Experimental Study of Applying Natural Zeolite as A Partial Alternative for Cement in Self-Compacting Concrete (SCC)

Document Type: Original Article


1 Ph.D. of Civil Engineering, Manager of Research and Development at Aptus Research and Production Company

2 Department of Concrete Technology of Road, Housing and Urban Development Research Center

3 Associate Professor, Faculty of Civil Engineering, Qom University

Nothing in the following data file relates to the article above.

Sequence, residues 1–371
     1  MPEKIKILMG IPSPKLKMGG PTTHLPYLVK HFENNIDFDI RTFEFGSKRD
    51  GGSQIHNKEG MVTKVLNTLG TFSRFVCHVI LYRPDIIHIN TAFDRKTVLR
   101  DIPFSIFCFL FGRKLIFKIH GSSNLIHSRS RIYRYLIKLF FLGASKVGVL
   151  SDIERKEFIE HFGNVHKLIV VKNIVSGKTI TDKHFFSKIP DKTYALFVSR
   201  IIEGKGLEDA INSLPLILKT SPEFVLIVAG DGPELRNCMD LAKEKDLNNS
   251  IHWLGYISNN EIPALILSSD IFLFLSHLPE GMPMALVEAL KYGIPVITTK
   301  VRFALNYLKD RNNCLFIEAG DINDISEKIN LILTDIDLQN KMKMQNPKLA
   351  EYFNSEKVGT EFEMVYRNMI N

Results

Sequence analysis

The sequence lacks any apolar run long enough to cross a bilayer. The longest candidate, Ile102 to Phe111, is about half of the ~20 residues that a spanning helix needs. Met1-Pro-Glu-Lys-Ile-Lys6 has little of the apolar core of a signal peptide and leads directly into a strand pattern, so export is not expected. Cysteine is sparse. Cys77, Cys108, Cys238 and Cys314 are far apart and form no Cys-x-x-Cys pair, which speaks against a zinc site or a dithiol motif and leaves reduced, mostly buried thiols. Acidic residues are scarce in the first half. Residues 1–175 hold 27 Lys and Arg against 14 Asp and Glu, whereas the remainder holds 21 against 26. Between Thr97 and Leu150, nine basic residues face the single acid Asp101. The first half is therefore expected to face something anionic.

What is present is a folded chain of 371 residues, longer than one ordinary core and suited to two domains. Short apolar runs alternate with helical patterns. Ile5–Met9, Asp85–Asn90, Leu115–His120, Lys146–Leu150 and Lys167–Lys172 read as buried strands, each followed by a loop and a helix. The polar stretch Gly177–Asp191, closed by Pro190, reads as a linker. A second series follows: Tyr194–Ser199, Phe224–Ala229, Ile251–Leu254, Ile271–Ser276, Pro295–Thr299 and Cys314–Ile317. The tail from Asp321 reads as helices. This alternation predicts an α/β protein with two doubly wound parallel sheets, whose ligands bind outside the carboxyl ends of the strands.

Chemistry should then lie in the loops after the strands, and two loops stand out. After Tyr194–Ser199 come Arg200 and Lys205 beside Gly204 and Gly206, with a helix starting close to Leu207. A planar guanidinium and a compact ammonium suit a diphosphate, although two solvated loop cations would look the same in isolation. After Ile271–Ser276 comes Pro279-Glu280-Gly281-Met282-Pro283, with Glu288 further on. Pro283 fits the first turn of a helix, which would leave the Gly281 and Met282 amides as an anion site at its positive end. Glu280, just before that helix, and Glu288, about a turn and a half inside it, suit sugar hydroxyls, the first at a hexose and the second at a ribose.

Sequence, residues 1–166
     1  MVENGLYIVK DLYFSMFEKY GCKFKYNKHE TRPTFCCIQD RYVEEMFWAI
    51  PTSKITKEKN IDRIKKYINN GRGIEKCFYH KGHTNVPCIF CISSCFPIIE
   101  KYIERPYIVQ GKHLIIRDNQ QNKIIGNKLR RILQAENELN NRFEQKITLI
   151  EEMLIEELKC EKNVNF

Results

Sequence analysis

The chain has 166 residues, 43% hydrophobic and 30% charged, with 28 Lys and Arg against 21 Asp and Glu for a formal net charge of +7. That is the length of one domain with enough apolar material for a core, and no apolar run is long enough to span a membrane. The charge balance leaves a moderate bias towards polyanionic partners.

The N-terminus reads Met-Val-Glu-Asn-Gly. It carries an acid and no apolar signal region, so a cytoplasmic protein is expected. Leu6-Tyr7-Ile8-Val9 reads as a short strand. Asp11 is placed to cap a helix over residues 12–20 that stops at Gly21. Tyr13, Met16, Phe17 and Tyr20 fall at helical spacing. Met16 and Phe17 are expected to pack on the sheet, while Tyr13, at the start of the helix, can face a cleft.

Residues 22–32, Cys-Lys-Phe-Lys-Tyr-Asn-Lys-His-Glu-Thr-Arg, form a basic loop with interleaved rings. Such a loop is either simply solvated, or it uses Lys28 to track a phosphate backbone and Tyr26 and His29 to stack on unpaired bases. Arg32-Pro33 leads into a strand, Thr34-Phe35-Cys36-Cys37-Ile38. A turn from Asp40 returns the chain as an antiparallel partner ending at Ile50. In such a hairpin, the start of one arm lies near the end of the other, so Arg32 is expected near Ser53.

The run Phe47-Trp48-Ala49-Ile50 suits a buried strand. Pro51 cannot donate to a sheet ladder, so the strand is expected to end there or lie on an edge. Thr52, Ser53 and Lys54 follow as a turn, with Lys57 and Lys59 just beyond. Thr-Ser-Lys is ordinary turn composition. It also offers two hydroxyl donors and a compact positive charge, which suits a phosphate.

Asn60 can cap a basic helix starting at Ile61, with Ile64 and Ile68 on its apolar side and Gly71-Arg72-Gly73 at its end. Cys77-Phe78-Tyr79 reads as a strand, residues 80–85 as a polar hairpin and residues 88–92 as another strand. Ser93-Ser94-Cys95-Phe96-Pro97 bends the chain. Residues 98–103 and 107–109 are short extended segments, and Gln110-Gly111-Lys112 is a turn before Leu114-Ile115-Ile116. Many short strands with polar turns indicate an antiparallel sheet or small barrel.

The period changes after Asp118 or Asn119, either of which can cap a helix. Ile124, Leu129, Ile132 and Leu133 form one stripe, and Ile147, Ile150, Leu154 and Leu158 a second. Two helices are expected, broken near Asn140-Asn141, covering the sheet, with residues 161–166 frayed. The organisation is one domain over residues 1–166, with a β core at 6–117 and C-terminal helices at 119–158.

In recent years, with the increasing demand for modern and environmentally friendly materials, natural pozzolan s can be proved to be such a material and several researchers have focused their research efforts in using it as a partial substitute in the manufacture of concrete and mortar. This study concerns the fresh and hardened properties of self-compacted concrete (SCC) with natural zeolite (NZ). SCC mixtures were prepared by inclusion various amounts of NZ (0–20% by weight of cement) at different water/binder ratios. The fresh properties were investigated by slump flow, visual stability index, T50, V-funnel and L-box. The slump flow and compressive strength changes with hauling time were also considered. The hardened properties were tested for compressive strength, splitting tensile strength, ultrasonic pulse velocity (UPV), initial and final absorption. Results showed that with the inclusion of NZ, SCC can be successfully produced with satisfactory performance in flow ability, passing ability and viscosity. For all mixtures, flowability was lost with hauling time, although the rate of slump flow reduction was higher for mixes with higher amount of NZ. Regarding to hardened properties, the effect of NZ on the compressive and splitting tensile strength of SCC mixtures is generally related to its W/B ratio. Moreover, compressive strength enhancement was seen for mixes with slump flow higher than 550 mm at prolonged mixing time. The UPV measurement shows that the effect of NZ on the UPV values at a high compressive strength are negligible. Compared to control SCC, absorption characteristics of SCC containing NZ significantly decrease with increasing ages.


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